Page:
It will be necessary to collect data from the entire infrastructure in order to more accurately manage your project portfolio and to provide the necessary historical data upon which future models are based. That data will come not only from the application and the OS, but from the virtualization management systems and infrastructure, as well. As even network and application delivery network infrastructure solutions evolve to supporting virtual resource provisioning that usage needs to be reincorporated back into the cost structures of individual applications and projects. The costs of deploying and maintaining an application in a virtual environment requires more supporting infrastructure across a broader set of IT functions and will therefore need to be incorporated back into project portfolios if intelligent decisions on projects are to be made moving forward.

Active Portfolio Management

PPM solutions will need to become more active, more integrated, and more aware of all the components necessary to deliver applications to users in a virtual environment. With the focus shifting from entire systems to components, e.g. CPU, memory, bandwidth, it becomes necessary for the processes and systems used to forecast costs and prioritize projects become capable of adjusting for such variables and incorporate them into its scenario generation and trending capabilities.

Vendors such as IBM and Compuware are well positioned to provide a more active project portfolio management solution as both have acquired PPM technologies and are also steeped in network and systems management implementations. The combination of PPM and NSM will be capable of collecting and correlating data collected from disparate pieces of the supporting infrastructure and provide the information necessary to more accurately model actual costs incurred by applications in such virtual environments.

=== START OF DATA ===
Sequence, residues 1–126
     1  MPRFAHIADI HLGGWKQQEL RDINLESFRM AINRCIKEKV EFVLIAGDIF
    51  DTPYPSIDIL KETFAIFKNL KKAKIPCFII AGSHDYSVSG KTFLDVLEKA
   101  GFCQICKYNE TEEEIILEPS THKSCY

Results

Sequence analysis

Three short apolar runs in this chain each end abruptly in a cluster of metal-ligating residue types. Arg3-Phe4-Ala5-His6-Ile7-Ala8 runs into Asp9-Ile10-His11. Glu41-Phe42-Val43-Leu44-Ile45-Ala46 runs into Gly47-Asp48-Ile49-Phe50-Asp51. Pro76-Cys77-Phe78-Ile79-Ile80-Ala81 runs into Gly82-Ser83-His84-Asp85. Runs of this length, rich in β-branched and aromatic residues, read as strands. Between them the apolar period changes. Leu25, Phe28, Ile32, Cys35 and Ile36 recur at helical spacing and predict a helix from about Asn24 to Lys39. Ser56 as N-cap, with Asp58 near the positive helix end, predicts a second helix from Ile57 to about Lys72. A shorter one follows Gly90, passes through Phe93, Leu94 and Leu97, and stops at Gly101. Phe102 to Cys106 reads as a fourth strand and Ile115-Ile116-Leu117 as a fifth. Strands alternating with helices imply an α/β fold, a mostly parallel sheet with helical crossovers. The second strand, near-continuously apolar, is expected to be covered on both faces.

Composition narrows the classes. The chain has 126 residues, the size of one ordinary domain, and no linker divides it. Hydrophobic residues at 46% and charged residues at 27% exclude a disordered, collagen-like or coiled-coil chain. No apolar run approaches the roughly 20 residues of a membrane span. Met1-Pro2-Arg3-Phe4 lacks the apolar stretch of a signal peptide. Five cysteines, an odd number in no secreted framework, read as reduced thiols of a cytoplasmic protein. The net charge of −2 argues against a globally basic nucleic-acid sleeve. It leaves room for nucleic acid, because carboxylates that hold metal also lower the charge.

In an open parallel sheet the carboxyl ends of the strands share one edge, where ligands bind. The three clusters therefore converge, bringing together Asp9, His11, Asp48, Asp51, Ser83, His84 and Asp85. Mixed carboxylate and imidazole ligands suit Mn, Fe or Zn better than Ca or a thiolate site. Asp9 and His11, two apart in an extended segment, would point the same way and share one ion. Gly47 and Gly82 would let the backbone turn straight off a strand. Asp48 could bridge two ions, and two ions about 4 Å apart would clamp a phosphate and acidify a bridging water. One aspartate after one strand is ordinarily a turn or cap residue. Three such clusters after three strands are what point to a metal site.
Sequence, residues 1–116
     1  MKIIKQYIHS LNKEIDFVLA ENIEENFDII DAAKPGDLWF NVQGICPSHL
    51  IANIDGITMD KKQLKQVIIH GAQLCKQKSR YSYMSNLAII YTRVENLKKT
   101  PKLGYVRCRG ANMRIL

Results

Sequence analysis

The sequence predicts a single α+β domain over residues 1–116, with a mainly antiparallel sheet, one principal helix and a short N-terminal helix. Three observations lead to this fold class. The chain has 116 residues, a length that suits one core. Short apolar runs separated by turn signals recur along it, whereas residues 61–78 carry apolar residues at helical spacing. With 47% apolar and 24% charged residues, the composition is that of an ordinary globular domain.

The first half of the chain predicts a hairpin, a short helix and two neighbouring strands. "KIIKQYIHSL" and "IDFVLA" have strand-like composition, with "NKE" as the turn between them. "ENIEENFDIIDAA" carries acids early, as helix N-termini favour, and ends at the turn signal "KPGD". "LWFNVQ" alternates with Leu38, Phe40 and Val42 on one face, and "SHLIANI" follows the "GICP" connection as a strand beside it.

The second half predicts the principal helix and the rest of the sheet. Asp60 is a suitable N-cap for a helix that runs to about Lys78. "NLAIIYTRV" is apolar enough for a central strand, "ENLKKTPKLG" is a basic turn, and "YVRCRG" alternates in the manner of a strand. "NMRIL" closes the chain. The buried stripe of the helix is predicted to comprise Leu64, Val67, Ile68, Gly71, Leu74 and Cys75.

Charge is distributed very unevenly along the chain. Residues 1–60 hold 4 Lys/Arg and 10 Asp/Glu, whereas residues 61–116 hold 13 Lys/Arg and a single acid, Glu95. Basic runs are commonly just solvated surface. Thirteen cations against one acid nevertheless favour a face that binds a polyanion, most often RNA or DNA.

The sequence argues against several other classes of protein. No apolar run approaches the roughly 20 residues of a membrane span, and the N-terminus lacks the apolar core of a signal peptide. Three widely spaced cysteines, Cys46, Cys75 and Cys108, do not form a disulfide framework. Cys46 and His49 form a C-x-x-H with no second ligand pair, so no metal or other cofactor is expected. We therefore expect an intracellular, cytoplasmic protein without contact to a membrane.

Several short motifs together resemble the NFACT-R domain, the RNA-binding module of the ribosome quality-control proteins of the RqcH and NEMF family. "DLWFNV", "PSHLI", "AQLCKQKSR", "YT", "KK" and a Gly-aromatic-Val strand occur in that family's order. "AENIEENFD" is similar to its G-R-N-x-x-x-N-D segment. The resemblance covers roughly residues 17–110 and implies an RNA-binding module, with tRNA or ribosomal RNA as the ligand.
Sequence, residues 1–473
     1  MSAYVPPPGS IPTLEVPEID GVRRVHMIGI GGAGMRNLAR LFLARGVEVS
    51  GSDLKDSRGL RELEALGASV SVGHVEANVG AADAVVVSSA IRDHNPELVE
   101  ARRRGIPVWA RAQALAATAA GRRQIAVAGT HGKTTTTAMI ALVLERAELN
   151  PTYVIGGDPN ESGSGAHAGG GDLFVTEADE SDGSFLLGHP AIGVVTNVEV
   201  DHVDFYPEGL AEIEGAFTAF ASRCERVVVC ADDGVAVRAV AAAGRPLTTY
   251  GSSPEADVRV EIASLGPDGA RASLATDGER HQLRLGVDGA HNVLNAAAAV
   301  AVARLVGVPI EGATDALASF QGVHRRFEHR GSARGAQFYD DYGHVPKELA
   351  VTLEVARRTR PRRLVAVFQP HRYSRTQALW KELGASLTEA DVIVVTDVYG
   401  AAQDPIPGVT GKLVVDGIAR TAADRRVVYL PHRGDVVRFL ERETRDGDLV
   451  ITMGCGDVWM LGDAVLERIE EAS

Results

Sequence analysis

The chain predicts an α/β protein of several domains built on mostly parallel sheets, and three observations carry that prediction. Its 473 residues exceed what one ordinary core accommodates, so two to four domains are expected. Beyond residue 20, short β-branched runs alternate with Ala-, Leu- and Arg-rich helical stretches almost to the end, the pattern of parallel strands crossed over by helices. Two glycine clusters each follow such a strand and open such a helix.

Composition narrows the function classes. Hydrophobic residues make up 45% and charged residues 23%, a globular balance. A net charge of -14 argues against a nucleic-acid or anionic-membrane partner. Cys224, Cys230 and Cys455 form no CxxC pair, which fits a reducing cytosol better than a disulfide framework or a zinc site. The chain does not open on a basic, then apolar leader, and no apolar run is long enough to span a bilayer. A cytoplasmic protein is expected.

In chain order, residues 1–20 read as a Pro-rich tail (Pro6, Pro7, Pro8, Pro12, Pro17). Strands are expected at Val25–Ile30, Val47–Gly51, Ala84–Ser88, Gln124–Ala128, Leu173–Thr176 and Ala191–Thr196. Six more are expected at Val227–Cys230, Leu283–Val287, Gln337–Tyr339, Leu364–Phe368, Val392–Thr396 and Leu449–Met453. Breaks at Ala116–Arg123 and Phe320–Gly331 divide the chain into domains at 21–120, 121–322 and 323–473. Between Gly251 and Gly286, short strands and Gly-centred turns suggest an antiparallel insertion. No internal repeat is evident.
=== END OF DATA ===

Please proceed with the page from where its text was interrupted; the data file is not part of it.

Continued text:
CA and HP, too, have the means by which such data can be collected in near real-time, providing the means by which forecasting of costs can more accurately be conducted. The ability to forecast in a dynamic, continuous fashion will provide some of the data necessary to reduce the initial inaccuracies introduced by a shared resource infrastructure. But don’t discount Microsoft from the potential solutions. Its acquisition of a relatively unknown PPM vendor and heavy investment in virtualization infrastructure make it potentially even more capable of providing an integrated solution that can handle the constant change in resource consumption.

A change in the way projects are assigned to resources and vice-versa in the data center architecture will necessary have a ripple effect throughout IT. From deployment to reporting to IP address management to trending and forecasting and project management, the cloud changes everything.

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Lori MacVittie is responsible for education and evangelism of application services available across F5’s entire product suite. Her role includes authorship of technical materials and participation in a number of community-based forums and industry standards organizations, among other efforts. MacVittie has extensive programming experience as an application architect, as well as network and systems development and administration expertise. Prior to joining F5, MacVittie was an award-winning Senior Technology Editor at Network Computing Magazine, where she conducted product research and evaluation focused on integration with application and network architectures, and authored articles on a variety of topics aimed at IT professionals. Her most recent area of focus included SOA-related products and architectures. She holds a B.S. in Information and Computing Science from the University of Wisconsin at Green Bay, and an M.S. in Computer Science from Nova Southeastern University.